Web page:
Q: Does modern America have a "Wild West?"

In my opinion, Americans still think of their country in terms of "civilization" and "wilderness." The geographical boundaries aren’t quite as clear as they used to be. The closing of the American frontier ended the sense of boundless expansion into the wilderness. But the dividing line remains. I think that the sense of "frontier" has really changed over the last century, from a physical boundary—i.e., "The West starts here—" to more of an abstraction. In my novel, that fault line between civilization and wilderness exists somewhere between the modern suburbs and the modern inner city.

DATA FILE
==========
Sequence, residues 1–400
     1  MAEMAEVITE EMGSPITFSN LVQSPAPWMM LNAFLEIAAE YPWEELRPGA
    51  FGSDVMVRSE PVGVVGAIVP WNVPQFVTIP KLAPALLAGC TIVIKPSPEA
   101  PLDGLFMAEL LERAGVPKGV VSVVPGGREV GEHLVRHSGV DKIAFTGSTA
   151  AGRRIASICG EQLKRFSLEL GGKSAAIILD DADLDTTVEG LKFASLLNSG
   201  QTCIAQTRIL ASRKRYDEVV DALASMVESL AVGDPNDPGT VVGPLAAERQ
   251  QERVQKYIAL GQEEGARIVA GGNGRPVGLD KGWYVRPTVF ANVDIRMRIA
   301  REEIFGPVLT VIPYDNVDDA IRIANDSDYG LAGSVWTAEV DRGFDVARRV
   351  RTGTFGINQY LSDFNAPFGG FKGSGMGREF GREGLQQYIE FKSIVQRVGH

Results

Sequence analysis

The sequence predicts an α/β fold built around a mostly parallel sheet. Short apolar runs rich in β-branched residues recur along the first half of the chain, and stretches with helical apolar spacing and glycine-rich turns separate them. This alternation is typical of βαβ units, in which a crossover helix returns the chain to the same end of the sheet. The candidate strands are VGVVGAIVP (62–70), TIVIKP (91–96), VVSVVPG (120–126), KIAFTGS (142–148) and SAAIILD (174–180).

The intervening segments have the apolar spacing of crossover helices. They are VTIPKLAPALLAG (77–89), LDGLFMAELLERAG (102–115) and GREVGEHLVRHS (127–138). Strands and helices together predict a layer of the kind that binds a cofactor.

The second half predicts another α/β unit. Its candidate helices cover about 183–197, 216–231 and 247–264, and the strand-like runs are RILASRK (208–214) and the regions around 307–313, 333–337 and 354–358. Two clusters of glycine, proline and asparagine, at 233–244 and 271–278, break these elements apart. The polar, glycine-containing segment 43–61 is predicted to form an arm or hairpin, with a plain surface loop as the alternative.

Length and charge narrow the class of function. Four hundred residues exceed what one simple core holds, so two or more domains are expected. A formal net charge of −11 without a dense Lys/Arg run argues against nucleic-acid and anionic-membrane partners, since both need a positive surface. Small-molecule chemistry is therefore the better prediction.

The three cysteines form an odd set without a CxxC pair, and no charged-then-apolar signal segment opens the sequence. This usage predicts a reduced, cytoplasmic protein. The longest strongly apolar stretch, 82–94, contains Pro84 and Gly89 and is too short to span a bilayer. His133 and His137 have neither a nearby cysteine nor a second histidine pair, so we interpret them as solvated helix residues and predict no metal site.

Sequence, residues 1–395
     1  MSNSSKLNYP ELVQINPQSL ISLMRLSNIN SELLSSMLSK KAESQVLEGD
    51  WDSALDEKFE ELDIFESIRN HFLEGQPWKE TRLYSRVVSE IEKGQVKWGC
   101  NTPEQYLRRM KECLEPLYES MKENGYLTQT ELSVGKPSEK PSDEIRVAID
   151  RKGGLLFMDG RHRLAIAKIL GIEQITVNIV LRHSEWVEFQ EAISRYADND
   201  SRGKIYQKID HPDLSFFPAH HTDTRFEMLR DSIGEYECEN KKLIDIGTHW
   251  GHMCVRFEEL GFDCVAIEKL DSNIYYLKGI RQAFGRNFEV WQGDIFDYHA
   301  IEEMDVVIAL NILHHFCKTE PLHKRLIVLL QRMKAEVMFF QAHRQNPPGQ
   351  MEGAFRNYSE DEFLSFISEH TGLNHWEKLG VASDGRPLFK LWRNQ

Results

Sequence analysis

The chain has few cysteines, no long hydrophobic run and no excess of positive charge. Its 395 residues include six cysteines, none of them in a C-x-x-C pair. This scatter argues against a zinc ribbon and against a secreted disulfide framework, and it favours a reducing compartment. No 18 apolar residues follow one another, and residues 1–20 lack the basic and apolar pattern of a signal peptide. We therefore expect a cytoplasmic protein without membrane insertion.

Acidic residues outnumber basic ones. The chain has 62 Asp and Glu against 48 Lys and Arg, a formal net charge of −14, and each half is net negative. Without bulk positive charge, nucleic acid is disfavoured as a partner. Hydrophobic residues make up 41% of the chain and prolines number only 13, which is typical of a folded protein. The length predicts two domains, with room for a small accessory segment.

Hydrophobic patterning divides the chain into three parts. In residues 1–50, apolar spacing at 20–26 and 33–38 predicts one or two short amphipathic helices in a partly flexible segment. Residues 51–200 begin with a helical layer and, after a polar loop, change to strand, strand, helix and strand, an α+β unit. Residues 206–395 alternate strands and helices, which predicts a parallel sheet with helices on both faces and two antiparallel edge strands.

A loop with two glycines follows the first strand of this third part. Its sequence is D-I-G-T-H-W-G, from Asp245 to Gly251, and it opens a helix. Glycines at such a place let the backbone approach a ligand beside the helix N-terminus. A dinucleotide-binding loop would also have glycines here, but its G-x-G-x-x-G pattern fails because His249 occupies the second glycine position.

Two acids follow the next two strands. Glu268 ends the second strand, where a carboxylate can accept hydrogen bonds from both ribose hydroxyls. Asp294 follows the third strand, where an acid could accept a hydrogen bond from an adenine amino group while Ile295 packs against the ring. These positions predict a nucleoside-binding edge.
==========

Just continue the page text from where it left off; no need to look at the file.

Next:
Q: In what sense?

In the sense that the general perception that Americans have about their inner cities—a perception just as skewed as the 19th century settlers’ view of the West—is of a lawless wilderness, a place exclusively of violence, where the rules of normal, civilized life simply don’t apply. And, conversely, I think that Americans tend to imagine that their suburbs are the safe, healthy places that they were designed and advertised to be, which is again, in my opinion, a skewed perception. I think that that desire for the suburbs to be a safe haven from the "lawless inner cities" is one of the reasons that the recent school violence, particularly the well publicized school shootings, have come as such a shock.